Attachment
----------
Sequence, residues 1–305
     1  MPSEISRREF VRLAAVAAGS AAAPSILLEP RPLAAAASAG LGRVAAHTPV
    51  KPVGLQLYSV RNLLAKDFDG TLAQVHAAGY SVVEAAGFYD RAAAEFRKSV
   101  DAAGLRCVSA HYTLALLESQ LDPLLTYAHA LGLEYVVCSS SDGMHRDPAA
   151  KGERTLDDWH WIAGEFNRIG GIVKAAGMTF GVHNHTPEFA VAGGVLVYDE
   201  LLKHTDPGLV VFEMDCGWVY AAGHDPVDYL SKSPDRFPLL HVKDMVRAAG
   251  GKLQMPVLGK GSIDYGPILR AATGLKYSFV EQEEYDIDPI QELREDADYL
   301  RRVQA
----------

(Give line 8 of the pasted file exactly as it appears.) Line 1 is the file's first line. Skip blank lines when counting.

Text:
   301  RRVQA